This was the original programme : F. Schubert / F. Liszt: Wanderer-Fantasie, versione per pianoforte e archi (arr. I Massun)
F. Liszt: Malédiction per archi e pianoforte
G. Mahler: Adagietto dalla Sinfonia n. 5 in do diesis minore
A. Copland: Concerto per clarinetto e archi
Maurizio D’Alessandro, clarinetto
Francesco Navelli, pianoforte
Roma Tre Orchestra
Sieva Borzak, direttore
Another fascinating programme that had me researching works that I knew about but had never actually heard in concert.Thanks to Valerio Vicari who is giving such opportunities to young musicians to bring us not only master works such as the superb Mozart Concerti last week https://christopheraxworthymusiccommentary.wordpress.com/2021/10/30/mozart-triumphs-at-torlonia-with-jonathan-ferrucci-pietro-fresa-sieva-borzak/ But also rarely performed works just waiting to be given a worthy airing!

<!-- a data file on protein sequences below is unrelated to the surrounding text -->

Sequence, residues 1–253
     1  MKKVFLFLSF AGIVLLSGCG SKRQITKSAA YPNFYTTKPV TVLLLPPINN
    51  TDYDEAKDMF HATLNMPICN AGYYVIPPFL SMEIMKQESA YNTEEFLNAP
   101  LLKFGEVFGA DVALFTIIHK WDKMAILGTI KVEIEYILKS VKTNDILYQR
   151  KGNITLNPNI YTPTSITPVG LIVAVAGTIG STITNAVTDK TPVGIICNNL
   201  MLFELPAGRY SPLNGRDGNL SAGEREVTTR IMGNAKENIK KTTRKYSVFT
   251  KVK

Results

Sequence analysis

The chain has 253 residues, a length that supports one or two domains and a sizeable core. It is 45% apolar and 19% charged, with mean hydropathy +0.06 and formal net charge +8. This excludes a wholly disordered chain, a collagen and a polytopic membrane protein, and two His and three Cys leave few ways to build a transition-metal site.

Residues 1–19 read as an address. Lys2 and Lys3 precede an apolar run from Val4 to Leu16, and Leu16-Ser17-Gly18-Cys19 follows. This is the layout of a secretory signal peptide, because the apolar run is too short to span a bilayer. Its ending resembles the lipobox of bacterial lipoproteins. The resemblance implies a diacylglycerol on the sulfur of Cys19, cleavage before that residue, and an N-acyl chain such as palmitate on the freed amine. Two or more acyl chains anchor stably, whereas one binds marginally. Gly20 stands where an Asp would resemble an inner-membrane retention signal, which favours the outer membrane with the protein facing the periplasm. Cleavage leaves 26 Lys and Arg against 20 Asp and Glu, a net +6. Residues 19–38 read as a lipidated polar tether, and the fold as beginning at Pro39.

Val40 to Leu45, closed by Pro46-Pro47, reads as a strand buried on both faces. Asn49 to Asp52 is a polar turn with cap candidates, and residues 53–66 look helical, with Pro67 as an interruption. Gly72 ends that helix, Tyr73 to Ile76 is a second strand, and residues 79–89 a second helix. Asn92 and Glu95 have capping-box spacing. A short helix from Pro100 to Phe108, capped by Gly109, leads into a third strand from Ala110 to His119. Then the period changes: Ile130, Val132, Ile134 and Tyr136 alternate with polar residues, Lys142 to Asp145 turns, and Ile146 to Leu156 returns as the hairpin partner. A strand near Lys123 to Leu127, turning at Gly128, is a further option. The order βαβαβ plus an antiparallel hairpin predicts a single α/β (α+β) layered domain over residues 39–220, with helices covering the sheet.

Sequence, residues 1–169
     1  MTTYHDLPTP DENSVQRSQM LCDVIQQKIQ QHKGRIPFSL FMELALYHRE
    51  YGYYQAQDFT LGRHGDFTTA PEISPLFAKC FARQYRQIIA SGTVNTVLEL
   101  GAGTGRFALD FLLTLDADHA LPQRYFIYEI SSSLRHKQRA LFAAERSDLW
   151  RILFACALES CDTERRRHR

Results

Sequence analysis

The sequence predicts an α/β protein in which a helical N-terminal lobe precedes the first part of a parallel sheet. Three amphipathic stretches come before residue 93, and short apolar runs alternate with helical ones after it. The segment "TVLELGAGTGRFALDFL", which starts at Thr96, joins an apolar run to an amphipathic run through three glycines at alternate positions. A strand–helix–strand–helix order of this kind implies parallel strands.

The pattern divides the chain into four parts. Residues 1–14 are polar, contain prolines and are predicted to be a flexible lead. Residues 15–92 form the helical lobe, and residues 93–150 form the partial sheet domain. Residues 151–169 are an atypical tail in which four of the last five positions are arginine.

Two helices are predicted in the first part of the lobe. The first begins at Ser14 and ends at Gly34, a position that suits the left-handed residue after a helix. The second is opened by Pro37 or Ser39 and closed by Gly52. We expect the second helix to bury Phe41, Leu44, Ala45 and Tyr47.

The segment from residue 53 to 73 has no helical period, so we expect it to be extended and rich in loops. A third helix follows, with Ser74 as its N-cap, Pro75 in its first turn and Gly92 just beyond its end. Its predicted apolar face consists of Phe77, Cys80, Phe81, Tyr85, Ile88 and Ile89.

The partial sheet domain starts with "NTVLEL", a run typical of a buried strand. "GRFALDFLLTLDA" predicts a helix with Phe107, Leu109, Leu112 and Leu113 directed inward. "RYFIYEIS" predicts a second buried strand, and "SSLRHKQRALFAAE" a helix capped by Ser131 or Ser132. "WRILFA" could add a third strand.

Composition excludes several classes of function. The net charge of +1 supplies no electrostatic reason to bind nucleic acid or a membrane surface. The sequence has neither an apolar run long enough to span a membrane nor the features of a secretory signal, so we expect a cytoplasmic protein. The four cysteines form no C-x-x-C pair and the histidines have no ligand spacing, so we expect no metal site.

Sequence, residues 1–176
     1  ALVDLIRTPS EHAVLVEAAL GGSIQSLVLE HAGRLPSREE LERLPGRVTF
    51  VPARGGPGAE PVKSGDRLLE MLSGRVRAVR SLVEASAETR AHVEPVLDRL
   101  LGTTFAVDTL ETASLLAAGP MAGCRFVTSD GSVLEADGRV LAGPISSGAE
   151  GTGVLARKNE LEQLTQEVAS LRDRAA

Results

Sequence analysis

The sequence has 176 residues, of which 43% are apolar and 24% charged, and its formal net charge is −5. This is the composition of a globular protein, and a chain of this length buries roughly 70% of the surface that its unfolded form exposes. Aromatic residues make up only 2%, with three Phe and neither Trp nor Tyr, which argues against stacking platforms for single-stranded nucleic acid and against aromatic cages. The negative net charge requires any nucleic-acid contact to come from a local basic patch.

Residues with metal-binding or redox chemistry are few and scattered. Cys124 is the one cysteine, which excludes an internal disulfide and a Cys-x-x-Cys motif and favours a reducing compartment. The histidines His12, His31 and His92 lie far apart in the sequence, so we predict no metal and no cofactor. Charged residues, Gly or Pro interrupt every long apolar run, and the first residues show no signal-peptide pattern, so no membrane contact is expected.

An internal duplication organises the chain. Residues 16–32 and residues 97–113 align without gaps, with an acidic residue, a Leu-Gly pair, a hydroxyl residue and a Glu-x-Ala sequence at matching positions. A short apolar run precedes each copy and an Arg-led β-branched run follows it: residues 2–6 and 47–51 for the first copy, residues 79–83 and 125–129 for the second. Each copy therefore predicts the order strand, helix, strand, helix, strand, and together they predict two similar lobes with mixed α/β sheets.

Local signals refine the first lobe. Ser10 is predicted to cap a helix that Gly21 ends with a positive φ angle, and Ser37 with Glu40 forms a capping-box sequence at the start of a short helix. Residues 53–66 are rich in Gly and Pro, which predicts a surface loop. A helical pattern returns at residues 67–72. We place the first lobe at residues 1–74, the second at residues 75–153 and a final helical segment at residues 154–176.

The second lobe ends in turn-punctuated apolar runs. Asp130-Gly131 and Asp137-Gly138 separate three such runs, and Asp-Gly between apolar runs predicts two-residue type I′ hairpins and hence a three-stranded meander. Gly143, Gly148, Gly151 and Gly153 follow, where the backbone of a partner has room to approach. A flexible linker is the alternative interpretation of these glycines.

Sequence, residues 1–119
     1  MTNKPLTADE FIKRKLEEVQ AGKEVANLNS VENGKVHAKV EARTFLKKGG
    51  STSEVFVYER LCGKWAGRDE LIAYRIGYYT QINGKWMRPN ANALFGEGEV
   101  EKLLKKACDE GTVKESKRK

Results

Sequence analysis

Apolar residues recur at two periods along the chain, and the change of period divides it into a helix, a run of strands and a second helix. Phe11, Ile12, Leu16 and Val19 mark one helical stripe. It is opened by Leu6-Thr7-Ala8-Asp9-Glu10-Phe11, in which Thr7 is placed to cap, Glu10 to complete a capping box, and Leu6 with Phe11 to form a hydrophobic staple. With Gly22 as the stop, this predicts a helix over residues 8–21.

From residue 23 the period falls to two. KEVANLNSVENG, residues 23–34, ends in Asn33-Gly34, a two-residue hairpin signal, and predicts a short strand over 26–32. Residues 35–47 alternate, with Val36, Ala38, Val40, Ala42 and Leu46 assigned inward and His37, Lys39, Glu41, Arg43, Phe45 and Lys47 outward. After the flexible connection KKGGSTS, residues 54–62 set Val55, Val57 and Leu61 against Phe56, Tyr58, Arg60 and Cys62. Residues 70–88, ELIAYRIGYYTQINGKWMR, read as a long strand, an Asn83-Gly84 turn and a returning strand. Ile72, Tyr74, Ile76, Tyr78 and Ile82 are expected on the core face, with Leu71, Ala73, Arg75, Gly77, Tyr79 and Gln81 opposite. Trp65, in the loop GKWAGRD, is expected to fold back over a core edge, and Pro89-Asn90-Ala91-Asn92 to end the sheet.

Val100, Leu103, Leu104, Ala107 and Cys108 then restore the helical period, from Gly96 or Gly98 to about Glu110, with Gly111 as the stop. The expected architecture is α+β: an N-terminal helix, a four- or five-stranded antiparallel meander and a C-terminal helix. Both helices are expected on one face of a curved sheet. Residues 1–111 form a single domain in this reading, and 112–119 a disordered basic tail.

Roma 3 orchestra playing at home in their own Teatro Palladium in Rome after a brief tournée around Rome including an appearance at the Liszt Festival in Albano Laziale.A superb young pianist Francesco Navelli from the class of Magarius in Imola astonished ravished and seduced us with his total command of Liszt’s rarely heard Malédiction for piano and string orchestra.
On the programme was to have been an arrangement for string orchestra of Liszt’s also rarely performed transcription of the Wanderer Fantasie by Schubert.
The ink was not yet dry on the page of this newly commissioned reduction for string orchestra (where Liszt had envisaged larger forces) so our valiant pianist stepped in performing the original by Schubert.
All’s well that ends well as they say and we were treated to a masterly performance of intelligence,rhythmic drive and enviable technical command.
Followed by the famous Adagietto from Mahler’s fifth symphony played with subtle artistry guided by the sensitive hands of Sieva Borzak.
They were joined by Maurizio D’Alessandro for a superb performance of Copland’s Clarinet Concerto written in 1947 for Benny Goodman.
By great request Francesco Navelli had played an encore of Scarlatti but it was Maurizio D’Alessandro who had seduced us with a ravishing duet with the orchestral harpist in a transcription of Puccini’s much loved :’O mio babino caro’